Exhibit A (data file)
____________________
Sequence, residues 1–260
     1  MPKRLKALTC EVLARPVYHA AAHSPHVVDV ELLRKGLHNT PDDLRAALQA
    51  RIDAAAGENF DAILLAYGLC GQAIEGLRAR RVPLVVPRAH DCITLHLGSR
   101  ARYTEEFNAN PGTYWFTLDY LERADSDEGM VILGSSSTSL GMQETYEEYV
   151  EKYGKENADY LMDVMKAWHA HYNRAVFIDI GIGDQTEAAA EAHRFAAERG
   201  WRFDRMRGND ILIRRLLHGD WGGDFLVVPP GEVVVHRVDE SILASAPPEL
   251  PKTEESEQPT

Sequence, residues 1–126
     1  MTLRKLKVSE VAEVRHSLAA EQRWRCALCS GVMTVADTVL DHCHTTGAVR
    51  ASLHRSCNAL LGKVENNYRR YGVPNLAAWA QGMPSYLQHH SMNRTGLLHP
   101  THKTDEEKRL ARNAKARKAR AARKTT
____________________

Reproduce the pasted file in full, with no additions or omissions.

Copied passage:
Sequence, residues 1–260
     1  MPKRLKALTC EVLARPVYHA AAHSPHVVDV ELLRKGLHNT PDDLRAALQA
    51  RIDAAAGENF DAILLAYGLC GQAIEGLRAR RVPLVVPRAH DCITLHLGSR
   101  ARYTEEFNAN PGTYWFTLDY LERADSDEGM VILGSSSTSL GMQETYEEYV
   151  EKYGKENADY LMDVMKAWHA HYNRAVFIDI GIGDQTEAAA EAHRFAAERG
   201  WRFDRMRGND ILIRRLLHGD WGGDFLVVPP GEVVVHRVDE SILASAPPEL
   251  PKTEESEQPT

Sequence, residues 1–126
     1  MTLRKLKVSE VAEVRHSLAA EQRWRCALCS GVMTVADTVL DHCHTTGAVR
    51  ASLHRSCNAL LGKVENNYRR YGVPNLAAWA QGMPSYLQHH SMNRTGLLHP
   101  THKTDEEKRL ARNAKARKAR AARKTT